The Fight to Win Unadvised Clients Starts With Fee Clarity

A new report by Cerulli finds almost half of investors without an advisor believe a lack of cost transparency would be the most difficult part of working with one.


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New research suggests advisors need to do a better job of explaining fees to potential clients.

Cerulli Associates, a wealth and asset management research and consulting firm, in conjunction with research and marketing firm Marketcast, surveyed more than 1,600 investors in the second half of 2023 and found that 46 percent of those without an advisor said they believed a lack of cost transparency would be the most difficult part of working with an advisor. Thirty-four percent stated they wouldn’t be sure if advisors were recommending the best products, and 28 percent stated that advisors would be too expensive. (Respondents could choose more than one answer.)

Comparatively, 11 percent of investors who are most reliant on a financial advisor said cost transparency was the most difficult part of working with an advisor, while 12 percent cited uncertainty about the products their advisor recommended, and 12 percent said advisors are too expensive.

“Given the variety of ways in which an advisor typically charges for services, whether asset-based fees or commission-based, it can be a challenge for prospective clients to fully understand how much they are paying for financial advice, how they will pay for it and what type of advice they will receive,” wrote Cerulli.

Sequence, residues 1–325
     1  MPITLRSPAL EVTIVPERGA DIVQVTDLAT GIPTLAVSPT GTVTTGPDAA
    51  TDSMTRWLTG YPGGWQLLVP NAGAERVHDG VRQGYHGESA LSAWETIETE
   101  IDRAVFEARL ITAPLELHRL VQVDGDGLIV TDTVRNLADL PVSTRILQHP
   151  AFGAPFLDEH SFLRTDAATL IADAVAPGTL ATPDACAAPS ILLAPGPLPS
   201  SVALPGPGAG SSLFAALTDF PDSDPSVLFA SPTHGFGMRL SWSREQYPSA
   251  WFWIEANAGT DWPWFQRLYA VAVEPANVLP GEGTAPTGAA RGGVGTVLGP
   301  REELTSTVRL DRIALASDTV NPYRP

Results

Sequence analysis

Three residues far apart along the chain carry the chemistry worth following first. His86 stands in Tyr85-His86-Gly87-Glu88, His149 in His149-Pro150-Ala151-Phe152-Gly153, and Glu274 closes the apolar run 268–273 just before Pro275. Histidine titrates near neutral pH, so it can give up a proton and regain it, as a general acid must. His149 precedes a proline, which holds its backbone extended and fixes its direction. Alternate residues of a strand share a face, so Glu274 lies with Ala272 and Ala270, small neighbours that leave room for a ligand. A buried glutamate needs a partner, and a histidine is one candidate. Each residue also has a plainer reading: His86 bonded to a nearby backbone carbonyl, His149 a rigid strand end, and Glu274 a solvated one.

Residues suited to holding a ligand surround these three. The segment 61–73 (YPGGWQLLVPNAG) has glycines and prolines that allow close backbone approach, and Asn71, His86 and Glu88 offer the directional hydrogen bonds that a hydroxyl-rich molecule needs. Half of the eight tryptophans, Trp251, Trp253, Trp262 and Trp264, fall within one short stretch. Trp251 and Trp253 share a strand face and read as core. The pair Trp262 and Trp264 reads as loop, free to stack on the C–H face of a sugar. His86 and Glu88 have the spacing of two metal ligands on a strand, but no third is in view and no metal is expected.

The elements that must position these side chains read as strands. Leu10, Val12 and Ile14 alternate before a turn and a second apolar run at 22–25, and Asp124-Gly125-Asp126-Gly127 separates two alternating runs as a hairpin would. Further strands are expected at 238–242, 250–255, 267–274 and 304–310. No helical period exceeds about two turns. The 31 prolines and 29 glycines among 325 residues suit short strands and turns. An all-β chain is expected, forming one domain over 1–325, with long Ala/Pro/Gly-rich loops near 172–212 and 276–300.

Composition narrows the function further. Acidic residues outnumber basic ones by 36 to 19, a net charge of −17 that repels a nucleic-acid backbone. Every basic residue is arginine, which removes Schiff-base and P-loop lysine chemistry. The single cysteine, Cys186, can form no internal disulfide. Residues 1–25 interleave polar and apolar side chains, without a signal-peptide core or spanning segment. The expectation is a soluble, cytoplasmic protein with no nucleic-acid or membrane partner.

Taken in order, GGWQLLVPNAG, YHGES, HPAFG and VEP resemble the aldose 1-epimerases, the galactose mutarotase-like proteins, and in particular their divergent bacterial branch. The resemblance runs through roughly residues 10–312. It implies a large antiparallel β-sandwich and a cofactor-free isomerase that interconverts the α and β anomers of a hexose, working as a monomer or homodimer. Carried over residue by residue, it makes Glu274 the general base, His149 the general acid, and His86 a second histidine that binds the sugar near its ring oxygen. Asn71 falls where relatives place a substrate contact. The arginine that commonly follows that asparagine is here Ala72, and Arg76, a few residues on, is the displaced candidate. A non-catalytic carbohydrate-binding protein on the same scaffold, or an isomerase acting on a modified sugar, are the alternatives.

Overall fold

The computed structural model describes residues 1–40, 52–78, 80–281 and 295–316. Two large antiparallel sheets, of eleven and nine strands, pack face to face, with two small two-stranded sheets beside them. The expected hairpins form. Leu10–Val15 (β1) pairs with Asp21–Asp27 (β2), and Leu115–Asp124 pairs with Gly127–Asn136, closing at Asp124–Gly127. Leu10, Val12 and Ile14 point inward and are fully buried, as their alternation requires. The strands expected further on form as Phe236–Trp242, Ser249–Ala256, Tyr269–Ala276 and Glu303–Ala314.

“As more investors transition from being solo traders to seeking formal financial advice, they will want an advisor who understands their needs,” John McKenna, a Cerulli research analyst, said in a statement. “That begins with the advisor being open not only about how advice delivery is carried out, but also the methods through which it is delivered.”

Cerulli suggests that in coming years, RIAs are likely to increase the fees for their smaller clients even as they lower them for clients over the $1.5 million threshold in order to compete for high-value clients. Of the approximately 2,000 financial advisors surveyed by Cerulli, the company found that among those who charge fees based on assets under management, the average self-reported fee for clients with $750,000 was 103.7 basis points, compared with 88.1 basis points for those with $1.5 million in assets. The average estimated figures given by advisors for 2025 were 104.0 and 87.6 basis points, respectively.

Investors who work with an advisor are less stressed and more optimistic about their financial situation compared to the unadvised. Additionally, retirees with a financial advisor have on average nearly double the monthly income of those without a financial advisor. Despite this fact, only about 35 percent of all Americans work with a financial advisor.

Lead generation plays an important part in any advisor’s growth. Unfortunately, lead generation is expensive. A 2020 analysis by of more than 800 financial advisors found that the average total cost to acquire a new client for a financial advisor was $3,119 per client, and 83 percent of the total cost of acquisition was purely the “time cost” for the financial advisor.

In recent years, a number of tools have debuted in wealth management aimed at making this endeavor easier for financial advisors.

However, Cerulli believes that fee transparency is an important part of any prospective client communication and one that can drive growth.

“Regardless of how one communicates with a prospective client, it must be transparent from the first encounter on,” said McKenna. “This will remain critical for growing one’s book of business and building long-term, loyal relationships.”

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